#### Read Stresses on 3-D element text version

Stresses on Inclined Planes in 3-D You have learned about plane stress and the transformation of stresses. In that case we had only three stress components that acted in a single plane and we took them to be x , y , and xy . These stresses are shown in Figure 1 acting on an element that is drawn in a 2-D fashion and acting on a 3-D element. We considered the normal and shear stresses, and , acting on planes inclined with respect to the x and y-axes. That is, the normal vectors to these planes all lay in the x- y plane. The triangular element from which one can determine the transformation formulas for () and () using equilibrium conditions are shown in Figure 2. Two other elements with surfaces inclined at different angles are shown in Figure 3, drawn both in 2-D and 3-D. y xy x xy y xy x

Figure 1 xy y Figure 2 x xy

x

y

Figure 3

The transformation formulas are:

1 1 ( x + y ) + ( x - y ) cos(2 ) + xy sin( 2 ) 2 2 1 ( ) = xy cos( 2 ) + ( y - x ) sin( 2 ) 2 ( ) =

The important quantities that are derived from the transformation fo rmulas are:

max =

1 2 ( y - x ) 2 + xy 4

s =

( y - x ) 1 -1 tan 2 2 xy

1 ( x + y ) 2

m =

The maximum shear stress (from among all angles ) has magnitude max. This shear stress acts on planes inclined at angles of s, s +90°, s +180°, and s +270°. To know the precise directions of the shear stress on these planes, one should evaluate the formula () at one of these planes. The normal stress on all those four planes is equal to m; these normal stress may be positive, negative or zero. This square with four faces inclined at s, s +90°, s +180°, and s +270° is called the Maximum Shear Stress Element. The normal stress has maximum and minimum values (from among all angles ), which are denoted by max and min , or 1 and 2; these are called principal stresses. These normal stresses act on planes oriented at 45 degrees away from the planes of the Maximum Shear Stress Element; namely at s +45°, s +135°, s +225°, and s +315°. The directions perpendicular to these planes are called principal axes or principal directions. The principal stresses can be found from by max = 1 = m + max and min = 2 = m - max. One can also write max = (1 - 2)/2. The shear stresses on the principal axes are zero. The square with faces inclined at s, s +90°, s +180°, and s +270° is referred to as the Principal Stress Element

max or 1

max or 1 min or 2 min or 2 xy

Figure 4 When all stresses components x, y, z, xy, xz, and zy, are present (not zero), it is still true that one can always find three perpendicular planes on which the shear stresses are zero. See Figure 5. (This requires advanced mathematics to prove). The normal stresses on these pla nes, 1, 2, 3, are again called principal stresses and the directions normal to these planes are called principal directions or axes. One of these three stresses is the maximum of all normal stresses and one is the minimum of all normal stresses. Our planar case above just corresponded to the situation in which one of the three principal stresses is zero. 1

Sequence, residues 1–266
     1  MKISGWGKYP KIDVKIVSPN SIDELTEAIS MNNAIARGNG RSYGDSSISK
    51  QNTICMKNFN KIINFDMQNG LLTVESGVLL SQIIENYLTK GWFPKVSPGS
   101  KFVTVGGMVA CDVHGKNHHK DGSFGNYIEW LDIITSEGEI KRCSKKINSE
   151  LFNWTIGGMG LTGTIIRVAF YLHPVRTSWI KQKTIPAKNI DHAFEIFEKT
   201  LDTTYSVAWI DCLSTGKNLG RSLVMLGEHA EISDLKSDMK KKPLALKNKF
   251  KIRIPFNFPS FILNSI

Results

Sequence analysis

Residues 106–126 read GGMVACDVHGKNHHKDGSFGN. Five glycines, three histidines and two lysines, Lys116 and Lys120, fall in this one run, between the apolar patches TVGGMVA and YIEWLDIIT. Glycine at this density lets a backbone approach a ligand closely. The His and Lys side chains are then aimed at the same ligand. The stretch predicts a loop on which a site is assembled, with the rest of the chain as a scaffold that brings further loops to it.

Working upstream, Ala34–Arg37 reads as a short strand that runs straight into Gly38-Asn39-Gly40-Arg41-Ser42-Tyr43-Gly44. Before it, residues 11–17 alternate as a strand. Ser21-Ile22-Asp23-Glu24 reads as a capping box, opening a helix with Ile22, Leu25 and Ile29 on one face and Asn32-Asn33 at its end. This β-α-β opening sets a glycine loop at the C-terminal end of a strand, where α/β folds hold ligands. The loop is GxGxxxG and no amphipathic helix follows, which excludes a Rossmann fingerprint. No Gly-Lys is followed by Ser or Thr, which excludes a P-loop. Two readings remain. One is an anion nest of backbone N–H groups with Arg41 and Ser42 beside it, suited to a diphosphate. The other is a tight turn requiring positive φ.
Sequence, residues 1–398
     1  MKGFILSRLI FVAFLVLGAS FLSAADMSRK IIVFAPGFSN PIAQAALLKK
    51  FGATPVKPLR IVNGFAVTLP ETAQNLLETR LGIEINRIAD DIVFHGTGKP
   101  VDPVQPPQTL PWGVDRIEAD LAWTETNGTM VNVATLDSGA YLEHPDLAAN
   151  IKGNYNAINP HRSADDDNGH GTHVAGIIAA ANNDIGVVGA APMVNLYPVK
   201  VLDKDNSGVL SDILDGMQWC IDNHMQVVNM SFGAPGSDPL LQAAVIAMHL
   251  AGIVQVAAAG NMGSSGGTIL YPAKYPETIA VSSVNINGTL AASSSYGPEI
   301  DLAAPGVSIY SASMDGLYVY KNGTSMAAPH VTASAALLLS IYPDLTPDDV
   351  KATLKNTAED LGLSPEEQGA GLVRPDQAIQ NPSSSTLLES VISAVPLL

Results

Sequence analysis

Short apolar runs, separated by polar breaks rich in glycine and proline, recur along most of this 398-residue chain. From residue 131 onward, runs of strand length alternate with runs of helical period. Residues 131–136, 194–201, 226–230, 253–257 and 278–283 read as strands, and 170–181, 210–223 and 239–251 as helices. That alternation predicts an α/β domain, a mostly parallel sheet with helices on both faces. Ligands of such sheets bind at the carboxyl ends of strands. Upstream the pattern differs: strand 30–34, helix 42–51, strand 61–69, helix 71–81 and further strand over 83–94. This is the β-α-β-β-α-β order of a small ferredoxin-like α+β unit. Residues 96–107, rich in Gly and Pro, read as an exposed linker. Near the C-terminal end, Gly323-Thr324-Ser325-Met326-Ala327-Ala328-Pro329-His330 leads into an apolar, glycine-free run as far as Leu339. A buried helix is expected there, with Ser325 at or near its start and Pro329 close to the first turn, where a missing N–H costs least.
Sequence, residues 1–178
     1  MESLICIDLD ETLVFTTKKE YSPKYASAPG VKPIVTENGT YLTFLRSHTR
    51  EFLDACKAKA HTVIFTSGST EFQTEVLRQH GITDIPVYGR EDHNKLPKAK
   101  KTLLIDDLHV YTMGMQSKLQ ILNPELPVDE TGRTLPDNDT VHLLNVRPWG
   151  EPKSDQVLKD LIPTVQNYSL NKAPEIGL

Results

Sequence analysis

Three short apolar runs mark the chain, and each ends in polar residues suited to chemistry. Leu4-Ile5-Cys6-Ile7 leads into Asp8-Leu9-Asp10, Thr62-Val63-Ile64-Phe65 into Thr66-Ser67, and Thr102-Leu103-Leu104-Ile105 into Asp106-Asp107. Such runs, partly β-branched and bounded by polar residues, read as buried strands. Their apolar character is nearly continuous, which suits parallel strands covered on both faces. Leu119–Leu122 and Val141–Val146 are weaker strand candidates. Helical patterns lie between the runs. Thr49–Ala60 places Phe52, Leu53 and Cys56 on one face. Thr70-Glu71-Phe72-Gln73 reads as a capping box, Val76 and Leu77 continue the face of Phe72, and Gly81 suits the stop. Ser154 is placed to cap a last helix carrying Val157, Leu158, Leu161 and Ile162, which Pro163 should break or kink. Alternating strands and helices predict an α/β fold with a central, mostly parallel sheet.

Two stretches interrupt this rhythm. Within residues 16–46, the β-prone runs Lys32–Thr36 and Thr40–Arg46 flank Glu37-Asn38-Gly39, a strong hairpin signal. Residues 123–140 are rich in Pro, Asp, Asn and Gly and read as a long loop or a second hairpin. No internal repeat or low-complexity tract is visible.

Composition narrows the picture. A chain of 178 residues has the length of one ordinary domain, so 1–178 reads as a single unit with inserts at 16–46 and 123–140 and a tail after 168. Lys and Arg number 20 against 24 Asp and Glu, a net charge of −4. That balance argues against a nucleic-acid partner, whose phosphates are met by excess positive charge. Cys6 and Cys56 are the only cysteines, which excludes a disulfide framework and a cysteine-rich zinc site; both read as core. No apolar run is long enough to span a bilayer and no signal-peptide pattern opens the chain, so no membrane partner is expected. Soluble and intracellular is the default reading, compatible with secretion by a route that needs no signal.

2 3 Figure 5 One can find the shear stress on the three planes that lie at 45° to each pair of principal axes. In each case, one can isola te the triangular prism above or below one plane at 45°. Such triangular prisms are just what we used to get the transformation formulae above, as in Figures 2 and 3). Consider, for example, the left cube in Figure 6. The stress 3 acts parallel to the axis of the prism or perpendicular to the triangular face; there are equal and opposite forces contributed by 3 acting on the two end faces of the prism. 3 acts perpendicularly to the shear stress on the inclined face in which we are interested and so has no effect on this shear stress. Therefore, the determination of this shear stress reduces to the planar case above. Without worrying about its direction or sign, the shear stress on this 45° plane is = (1 - 2)/2. One can likewise find the other shear stresses as shown in Figure 6. Note that the sign of the shear stress is not determined by these equations.

1

1

1

2 3 = (1 - 2)/2 3 = (1 - 3)/2

2 3 = (2 - 3)/2

2

Figure 6 It can be proved (again the mathematics is more advanced) that the largest of these three shear stresses is the largest shear stress on ANY plane in the cube, no matter how it is oriented. If one defines the numbering 1, 2, 3 of the three principal stresses so that they are ordered according to 1 > 2 > 3, then the absolute maximum shear stress is abs = (1 - 3)/2. Returning to the planar case, which is very common, we will now show that the maximum in-plane shear stress max, which we found from the transformation formulas above, may or may not be the absolute maximum shear stress. Remember that max was defined in terms of the difference between the two in-plane principal stresses. Whereas we called them 1 and 2 before, that was before we considered the possibility of the third principal stress being non- zero. Consider the three cases shown in Figure 7. In each case recall that the third principal stress is equal to zero. That third principal stress could be denoted by 1 or 2 or 3, depending on the values of the other two. The absolute maximum shear stress is abs is equal to one- half of the difference between the maximum and minimum principal stresses.

1 2

1 3

2 3